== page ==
The migration story of the Ojibwe people tells of following the miigis (cowry shell) west and looking for a place where food grows on the water. That food was manoomin (wild rice), and the place, basically, was northern Wisconsin, Minnesota and Michigan and west-central Ontario.
“It’s considered a sacred plant,” says Peter David, a wildlife biologist for the Great Lakes Indian Fish and Wildlife Commission (GLIFWC). The commission, based in Odanah, on the Bad River Reservation in Wisconsin, represents 11 Ojibwe tribes in implementing treaty rights.
The most-common translation for manoomin, he says, is “good fruit” or “good berry.” The word is derived from manitou, or “spirit,” and meenum or “delicacy,” making it a “spirit food.”
Frequent references to wild rice are found in historic texts, voyager and explorer journals and, occasionally, in treaties, “Rice is so important that it really tends to crop up over and over again,” David says. For example, the Treaty of 1837 refers explicitly to “hunting, fishing and gathering the wild rice” among the rights the tribes reserved.
A GLIFWC wild rice brochure, found online through Glifwc.org, reports that no other plant in North America contributed as many geographic names as wild rice: “Numerous lakes, rivers or towns are named Rice or Manoomin, or bear related names such as ‘Poygan,’ derived from the Menominee word for gathering rice.”
While there are species called wild rice in other parts of the world, such as China, manoomin only exists in that north-central region of North America. “It’s really a North American species, and that makes us the global stewards of rice,” David says.
In Wisconsin and Minnesota, cultivated “wild” rice must be labeled as such. Many find the flavor of hand-harvest rice to be superior—including taste-maven Martha Stewart, who has a wild rice cake recipe on her website that states: “Wild rice varies in quality. Most of what is sold as wild rice is actually cultivated and then mechanically harvested and processed. It is worth the extra cost to buy more flavorful hand-harvested lake- or river-grown wild rice.”
“You ought to try the real McCoy once,” David says. “A lot of the flavor in rice can also come in the finishing process [of hand-harvested rice].”
There are concerns about cross-pollination between wild rice and the genetically altered “wild” rice used in cultivation, but David sees a more pressing threat. “My biggest concern is actually climate change. Wild rice is a northern hearty plant.… It requires a real winter [for the seed to break dormancy]. Climate change could have a marked impact in a variety of ways.”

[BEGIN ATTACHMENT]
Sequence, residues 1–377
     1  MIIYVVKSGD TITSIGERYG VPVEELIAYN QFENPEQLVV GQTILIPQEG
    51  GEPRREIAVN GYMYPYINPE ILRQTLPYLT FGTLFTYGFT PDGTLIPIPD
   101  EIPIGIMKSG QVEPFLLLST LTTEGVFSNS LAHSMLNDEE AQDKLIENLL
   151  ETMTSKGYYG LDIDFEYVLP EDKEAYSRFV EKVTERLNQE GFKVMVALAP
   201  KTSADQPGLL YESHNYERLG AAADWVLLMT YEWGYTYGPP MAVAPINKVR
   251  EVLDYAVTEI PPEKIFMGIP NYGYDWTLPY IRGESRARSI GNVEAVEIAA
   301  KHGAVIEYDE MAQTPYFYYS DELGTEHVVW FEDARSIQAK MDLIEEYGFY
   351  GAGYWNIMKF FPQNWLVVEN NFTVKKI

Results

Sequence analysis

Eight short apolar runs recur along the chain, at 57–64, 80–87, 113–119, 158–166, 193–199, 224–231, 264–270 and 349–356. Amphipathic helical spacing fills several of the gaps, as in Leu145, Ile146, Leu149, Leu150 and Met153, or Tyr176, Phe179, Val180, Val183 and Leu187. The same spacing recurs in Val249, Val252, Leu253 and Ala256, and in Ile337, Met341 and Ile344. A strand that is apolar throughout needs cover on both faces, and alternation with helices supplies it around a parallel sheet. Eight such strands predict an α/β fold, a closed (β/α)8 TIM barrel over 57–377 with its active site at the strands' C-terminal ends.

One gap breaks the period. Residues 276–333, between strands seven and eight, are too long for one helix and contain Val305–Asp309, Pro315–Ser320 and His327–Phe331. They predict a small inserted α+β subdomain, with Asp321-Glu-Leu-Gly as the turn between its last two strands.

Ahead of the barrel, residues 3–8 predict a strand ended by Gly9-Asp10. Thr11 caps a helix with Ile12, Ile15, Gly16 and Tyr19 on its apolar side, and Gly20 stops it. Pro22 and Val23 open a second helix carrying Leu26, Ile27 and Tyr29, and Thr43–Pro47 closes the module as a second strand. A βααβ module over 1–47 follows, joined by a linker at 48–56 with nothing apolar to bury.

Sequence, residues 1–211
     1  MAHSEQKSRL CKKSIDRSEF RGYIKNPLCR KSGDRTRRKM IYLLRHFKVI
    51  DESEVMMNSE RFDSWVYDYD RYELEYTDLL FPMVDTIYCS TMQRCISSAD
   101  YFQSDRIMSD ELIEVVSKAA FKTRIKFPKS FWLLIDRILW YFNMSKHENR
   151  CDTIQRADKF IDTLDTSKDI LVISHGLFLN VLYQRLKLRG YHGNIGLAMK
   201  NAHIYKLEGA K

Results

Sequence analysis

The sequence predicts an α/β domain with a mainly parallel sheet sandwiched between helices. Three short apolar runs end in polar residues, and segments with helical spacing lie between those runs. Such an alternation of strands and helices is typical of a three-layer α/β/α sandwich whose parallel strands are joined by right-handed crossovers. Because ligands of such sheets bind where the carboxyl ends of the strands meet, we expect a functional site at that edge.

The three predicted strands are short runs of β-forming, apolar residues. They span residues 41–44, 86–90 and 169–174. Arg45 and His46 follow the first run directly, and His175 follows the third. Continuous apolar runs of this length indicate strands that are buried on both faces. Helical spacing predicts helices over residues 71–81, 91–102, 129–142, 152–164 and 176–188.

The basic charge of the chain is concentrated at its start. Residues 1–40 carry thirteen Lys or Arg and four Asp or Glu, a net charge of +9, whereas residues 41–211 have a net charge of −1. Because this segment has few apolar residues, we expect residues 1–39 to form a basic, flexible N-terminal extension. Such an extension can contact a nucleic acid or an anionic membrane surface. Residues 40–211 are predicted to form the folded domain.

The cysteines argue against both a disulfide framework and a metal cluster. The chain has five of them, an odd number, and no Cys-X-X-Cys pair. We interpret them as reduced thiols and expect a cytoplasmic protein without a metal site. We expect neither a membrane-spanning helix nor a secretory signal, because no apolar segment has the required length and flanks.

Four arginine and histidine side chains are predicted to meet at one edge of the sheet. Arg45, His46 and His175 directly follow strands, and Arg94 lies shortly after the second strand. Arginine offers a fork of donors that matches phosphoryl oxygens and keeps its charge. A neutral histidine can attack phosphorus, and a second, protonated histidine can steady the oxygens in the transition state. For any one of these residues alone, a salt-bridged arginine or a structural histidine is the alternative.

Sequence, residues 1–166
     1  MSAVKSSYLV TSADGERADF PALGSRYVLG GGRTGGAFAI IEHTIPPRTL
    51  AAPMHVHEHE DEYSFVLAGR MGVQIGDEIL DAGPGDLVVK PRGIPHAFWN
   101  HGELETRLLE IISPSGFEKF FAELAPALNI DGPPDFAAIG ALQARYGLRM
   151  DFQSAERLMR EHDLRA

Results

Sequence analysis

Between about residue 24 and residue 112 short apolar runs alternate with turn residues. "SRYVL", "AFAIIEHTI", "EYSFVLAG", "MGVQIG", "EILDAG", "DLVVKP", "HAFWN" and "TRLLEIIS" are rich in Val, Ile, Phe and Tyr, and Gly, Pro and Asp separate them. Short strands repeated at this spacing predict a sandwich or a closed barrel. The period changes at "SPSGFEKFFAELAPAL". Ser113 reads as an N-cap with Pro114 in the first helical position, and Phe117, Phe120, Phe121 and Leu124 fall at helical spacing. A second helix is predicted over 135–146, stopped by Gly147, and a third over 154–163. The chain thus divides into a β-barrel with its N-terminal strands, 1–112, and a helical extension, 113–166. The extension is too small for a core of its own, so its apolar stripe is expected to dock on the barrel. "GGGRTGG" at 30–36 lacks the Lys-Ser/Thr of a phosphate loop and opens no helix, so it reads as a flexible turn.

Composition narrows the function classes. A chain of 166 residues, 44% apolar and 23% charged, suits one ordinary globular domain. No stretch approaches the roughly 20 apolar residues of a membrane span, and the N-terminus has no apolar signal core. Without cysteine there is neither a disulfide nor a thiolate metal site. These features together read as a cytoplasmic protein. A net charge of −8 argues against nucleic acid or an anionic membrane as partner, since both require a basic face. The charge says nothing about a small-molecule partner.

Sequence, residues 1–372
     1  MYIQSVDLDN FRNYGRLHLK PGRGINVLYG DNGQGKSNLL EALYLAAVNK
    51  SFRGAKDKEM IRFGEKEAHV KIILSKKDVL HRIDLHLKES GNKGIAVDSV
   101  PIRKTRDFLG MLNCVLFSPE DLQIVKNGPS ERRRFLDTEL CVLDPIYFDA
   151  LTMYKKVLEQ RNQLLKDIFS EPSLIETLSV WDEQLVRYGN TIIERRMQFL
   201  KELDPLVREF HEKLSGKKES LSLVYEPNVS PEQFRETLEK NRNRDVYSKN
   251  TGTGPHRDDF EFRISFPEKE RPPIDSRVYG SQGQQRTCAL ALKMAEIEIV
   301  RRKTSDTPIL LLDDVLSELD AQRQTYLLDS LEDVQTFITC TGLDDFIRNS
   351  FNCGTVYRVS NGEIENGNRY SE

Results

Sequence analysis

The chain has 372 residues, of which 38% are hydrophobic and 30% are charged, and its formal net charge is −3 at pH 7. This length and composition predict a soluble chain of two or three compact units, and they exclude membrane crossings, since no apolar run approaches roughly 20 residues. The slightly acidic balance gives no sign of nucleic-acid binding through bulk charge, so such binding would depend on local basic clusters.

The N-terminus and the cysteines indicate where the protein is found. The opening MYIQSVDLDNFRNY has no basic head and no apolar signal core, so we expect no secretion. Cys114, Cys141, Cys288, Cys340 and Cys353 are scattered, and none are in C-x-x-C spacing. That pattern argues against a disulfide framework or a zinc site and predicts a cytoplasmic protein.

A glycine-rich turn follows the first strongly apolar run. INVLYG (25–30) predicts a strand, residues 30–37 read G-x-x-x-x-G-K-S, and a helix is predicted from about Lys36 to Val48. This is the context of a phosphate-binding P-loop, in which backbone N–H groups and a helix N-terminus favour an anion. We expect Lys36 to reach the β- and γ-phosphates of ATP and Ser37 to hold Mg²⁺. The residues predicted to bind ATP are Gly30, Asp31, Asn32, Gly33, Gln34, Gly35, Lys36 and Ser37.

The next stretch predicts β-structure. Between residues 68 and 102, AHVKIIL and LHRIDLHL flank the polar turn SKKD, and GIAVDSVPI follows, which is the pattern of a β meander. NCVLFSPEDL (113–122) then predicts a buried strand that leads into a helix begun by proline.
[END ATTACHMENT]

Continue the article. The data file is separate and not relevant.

GLIFWC has 20 years of regional harvest data, and reports that 2010 was the poorest regional harvest in recent history. Warmer summers make the rice susceptible to diseases. Too much rain, especially hard, short downpours, also cause problems, over-flooding the rice beds. That was an issue in the past with dam creation—by humans or beavers—along waterways in the region. Now, though, dams are being used to re-create wetlands primed for rice beds and rice has been reintroduced in many traditional ricing areas. “We have a very active seeding program. We’ve increased rice abundance in Wisconsin,” David says, adding that the wild rice has not reached the level it was at prior to European contact, “and I don’t think it ever will be.”
Emphasis on reinvigorating wild rice often centers on human harvest, but David says it is critical for wildlife, too. “I tend to think of wild rice beds as almost their own habitat type. Where rice is abundant, it tends to be one of those plants that drives biological diversity of those sites.” Wild rice feeds waterfowl, such as mallards, wood and ring-necked ducks, blue-winged teals and others, and the beds create habitat for breeding and nesting. A Wisconsin program to reinvigorate its trumpeter swan population, David says, found that “a high proportion of the swans are selecting rice beds to nest on.”
Birds are not the only beneficiaries. From moose to muskrat to minute invertebrates, all feed on or use wild rice. “Wild rice can also help maintain water quality by binding loose soils, tying-up nutrients and slowing winds across shallow wetlands. These factors can increase water clarity and reduce algae blooms,” the GLIFWC brochure explains, concluding, “Wild rice is an ecological treasure.”